View from Hühnerfeldberg in Kaufunger Wald to Reinhardswald with (from left to right) Ahlberg, Gahrenberg (center) and Staufenberg. Foto: Michael Paetzold, Lizenz: Creative Commons by-sa-4.0


German fairy tale forest to be felled for wind turbines


A large area of Reinhardswald, an ancient German forest featured in the fairy tales of the Brothers Grimm, is being partially cut down in favour of 241-metre tall wind turbines.

Following a months-long construction freeze, administrative courts have allowed heavy machinery to raze parts of the forest, including some trees that are more than 200 years old.

Around 120,000 trees in the 200km² mountainous woodland in the Weser Uplands in the district of Kassel, Hesse, are said to have been condemned to the axe.

The destruction comes at the request of the Green Party, citing the need for more “green” energy as a reason. Mayors in the vicinity are opposing the move.

The Socialist mayor of Wesertal Cornelius Turrey told Bild he was concerned about fire hazards, contamination of drinking water and noise pollution for citizens in relation to the felling of the trees.

As the forest is national property and not that of the surrounding municipalities, Green politician Priska Hinz, the environment minister for Hesse, is in charge of the project.

“Wind energy makes a decisive contribution to the energy transition and to the conservation of nature. This is the only way to preserve forests and important ecosystems,” she told Bild.

Hermann-Josef Rapp, a renowned conservationist and recipient of the Order of Merit of the Federal Republic of Germany, described the woodland as: “The treasury of European forests. An ensemble of a class by itself.”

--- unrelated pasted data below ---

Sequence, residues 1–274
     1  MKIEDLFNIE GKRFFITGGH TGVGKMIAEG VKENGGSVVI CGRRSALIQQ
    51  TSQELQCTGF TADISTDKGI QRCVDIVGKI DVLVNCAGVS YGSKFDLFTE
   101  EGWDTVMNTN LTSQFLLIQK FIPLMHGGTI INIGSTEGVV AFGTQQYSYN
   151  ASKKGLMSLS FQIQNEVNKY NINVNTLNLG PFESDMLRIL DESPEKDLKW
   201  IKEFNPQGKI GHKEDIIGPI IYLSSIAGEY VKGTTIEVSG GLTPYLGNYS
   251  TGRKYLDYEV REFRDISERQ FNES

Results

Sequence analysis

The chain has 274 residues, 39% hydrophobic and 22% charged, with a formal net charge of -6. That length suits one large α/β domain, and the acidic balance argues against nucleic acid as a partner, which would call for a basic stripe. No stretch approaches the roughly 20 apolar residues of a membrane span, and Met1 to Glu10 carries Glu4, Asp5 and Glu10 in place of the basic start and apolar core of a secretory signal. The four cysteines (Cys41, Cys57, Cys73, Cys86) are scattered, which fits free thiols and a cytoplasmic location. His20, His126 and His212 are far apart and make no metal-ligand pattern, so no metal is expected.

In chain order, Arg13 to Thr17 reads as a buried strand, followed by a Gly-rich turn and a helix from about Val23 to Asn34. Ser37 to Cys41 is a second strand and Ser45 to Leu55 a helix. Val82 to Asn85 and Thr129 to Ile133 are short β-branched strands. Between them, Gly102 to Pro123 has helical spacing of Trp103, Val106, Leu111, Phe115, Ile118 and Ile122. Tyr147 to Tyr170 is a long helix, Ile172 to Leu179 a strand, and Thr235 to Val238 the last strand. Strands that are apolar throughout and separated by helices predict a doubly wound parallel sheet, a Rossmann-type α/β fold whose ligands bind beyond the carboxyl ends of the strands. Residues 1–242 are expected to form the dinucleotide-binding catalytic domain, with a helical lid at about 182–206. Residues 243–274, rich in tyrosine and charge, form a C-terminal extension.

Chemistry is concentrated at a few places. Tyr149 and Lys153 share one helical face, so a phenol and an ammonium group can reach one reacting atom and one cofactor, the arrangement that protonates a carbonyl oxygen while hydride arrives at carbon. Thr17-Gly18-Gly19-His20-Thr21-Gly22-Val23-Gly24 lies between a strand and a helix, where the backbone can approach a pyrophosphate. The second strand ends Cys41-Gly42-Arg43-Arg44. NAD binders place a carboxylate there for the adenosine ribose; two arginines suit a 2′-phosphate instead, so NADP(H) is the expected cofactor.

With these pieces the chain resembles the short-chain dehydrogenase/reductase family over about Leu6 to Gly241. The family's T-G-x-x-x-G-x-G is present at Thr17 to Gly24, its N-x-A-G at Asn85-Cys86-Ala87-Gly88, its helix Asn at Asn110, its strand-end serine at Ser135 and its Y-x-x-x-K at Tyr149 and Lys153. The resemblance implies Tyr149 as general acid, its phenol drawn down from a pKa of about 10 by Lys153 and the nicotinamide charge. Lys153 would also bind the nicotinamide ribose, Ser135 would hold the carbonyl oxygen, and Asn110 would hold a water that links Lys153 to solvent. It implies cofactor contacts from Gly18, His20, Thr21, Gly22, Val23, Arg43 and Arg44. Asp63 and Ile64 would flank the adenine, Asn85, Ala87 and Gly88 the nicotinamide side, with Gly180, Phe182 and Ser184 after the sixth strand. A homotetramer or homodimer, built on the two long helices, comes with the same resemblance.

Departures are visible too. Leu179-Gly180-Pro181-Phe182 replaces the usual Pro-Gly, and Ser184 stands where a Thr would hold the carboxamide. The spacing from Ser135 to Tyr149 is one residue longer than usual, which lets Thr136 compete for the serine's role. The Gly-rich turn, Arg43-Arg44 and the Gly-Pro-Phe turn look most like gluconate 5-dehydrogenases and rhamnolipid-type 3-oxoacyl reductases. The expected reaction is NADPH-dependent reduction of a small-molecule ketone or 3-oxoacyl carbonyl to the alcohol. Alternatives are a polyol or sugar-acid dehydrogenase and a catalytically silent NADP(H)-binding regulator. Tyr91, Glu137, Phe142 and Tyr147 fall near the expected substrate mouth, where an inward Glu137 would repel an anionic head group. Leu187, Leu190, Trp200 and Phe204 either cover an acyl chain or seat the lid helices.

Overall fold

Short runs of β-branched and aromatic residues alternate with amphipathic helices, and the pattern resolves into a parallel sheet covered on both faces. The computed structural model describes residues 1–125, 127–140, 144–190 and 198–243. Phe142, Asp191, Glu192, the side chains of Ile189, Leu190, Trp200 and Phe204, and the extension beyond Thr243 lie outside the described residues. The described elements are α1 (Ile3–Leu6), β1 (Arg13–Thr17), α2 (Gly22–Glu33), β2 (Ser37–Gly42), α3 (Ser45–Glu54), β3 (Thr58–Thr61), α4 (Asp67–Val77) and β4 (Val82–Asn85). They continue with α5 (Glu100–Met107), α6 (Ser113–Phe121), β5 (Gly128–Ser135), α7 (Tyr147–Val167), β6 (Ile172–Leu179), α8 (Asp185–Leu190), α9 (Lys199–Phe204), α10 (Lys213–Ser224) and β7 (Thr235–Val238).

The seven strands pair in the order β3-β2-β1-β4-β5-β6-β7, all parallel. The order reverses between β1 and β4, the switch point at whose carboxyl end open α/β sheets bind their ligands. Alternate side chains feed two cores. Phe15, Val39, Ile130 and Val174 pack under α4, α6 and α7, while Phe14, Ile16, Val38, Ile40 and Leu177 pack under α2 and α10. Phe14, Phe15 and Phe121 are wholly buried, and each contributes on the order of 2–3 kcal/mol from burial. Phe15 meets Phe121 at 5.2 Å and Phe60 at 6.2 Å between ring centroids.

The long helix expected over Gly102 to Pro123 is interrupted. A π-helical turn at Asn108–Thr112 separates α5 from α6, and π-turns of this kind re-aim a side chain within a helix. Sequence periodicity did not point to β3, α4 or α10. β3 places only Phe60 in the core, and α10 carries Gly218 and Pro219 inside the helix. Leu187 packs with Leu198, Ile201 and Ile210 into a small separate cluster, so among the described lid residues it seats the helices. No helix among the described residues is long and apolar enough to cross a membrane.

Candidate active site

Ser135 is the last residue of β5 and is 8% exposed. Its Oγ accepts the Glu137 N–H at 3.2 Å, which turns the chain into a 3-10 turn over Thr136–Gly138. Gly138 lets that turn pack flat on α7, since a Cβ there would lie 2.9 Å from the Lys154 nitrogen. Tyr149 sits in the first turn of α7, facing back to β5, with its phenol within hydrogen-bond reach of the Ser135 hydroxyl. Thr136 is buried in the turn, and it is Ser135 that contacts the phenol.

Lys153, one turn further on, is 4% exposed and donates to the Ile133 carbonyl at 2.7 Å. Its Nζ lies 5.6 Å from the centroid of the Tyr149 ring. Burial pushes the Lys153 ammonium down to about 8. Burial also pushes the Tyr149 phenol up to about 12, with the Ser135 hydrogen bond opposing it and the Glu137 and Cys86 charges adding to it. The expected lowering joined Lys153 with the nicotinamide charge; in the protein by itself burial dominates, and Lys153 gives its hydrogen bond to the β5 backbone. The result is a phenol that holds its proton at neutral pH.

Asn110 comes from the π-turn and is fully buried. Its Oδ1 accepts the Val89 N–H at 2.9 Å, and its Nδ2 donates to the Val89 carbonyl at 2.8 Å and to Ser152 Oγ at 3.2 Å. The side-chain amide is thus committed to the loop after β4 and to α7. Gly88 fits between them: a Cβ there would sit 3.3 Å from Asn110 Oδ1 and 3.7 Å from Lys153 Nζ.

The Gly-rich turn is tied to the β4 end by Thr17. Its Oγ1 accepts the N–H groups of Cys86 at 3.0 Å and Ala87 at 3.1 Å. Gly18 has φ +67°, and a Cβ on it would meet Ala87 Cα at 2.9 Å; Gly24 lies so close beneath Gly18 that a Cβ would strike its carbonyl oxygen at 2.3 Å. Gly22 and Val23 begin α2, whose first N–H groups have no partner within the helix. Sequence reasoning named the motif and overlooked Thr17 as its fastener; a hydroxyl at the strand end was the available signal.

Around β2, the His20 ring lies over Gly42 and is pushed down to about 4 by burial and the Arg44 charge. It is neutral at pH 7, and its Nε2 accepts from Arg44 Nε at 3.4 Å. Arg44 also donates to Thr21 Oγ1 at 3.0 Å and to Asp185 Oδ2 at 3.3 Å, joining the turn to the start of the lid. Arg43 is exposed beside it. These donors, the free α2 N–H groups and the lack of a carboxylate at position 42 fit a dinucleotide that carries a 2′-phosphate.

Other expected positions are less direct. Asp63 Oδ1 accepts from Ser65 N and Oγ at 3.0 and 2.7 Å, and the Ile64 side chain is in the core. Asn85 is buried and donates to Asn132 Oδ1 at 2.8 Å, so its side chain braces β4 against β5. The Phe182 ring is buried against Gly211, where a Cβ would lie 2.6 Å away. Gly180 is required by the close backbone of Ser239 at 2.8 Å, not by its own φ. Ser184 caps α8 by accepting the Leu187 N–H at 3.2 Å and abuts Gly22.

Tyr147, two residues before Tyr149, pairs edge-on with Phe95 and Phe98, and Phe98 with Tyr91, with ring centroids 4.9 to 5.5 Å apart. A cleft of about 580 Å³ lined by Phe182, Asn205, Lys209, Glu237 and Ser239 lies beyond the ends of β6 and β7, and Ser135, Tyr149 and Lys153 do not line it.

Rapp also supports an initiative to save the forest called Rettet den Reinhardswald.

“You can’t sacrifice that [forest] to the gluttony of greedy wind-energy competition,” he stated.

The relative silence of climate activists regarding the destruction of the woodland in Hesse comes in stark contrast to their response over the felling of a 3km stretch of the Dannenröder forest in 2019 to make room for a highway.

Then, thousands of environmentalists vehemently opposed the plans, occupying trees and going to the courts in their bid to stop the project. They erected barricades and treehouses and violent clashes with the police ensued. Law enforcement operations at the time were said to have cost up to €36 million.

Similarly, there were strong protests against the felling of a 230-metre area of trees in the Fechenheimer forest.

The 2.7-hectare forest, which is surrounded by highways and industrial areas and already 98 per cent destroyed according to the environment ministry, was described by activists at the time as “the most species-rich forest in Frankfurt and the surrounding area”.

When wind turbines are involved, climate activists seem to bite their lips. The fact that 29 hectares of an ancient forest will be destroyed to build 14km of roads for 18 huge wind-power constructions, each with a blade diameter of 150 metres, does not seem to be an issue.

With the construction of the windmills now in full swing, protected animals such as the hazel mouse are now officially under threat there. They are not the only animals fleeing the Reinhardswald devastation.

Eurasian lynxes, of which there were only about 130 recorded in 2018, are also said to be on the run and many rare, protected birds and bats are also in danger.

The apparent acceptance of habitat destruction in the name of wind power seems to be inspired by Berlin, which wants a transition to low-carbon energy after it ended the use of nuclear power.

In this regard, economy and climate action minister Robert Habeck of the Green Party enacted legislation proclaiming overriding public interest supported the installation of more wind turbines.

One of the most famous Grimm stories set in the Reinhardswald is Sleeping Beauty, in the Sababurg hill castle. Many stories in the Grimms’ Fairy Tales collection also took place in the famed forest.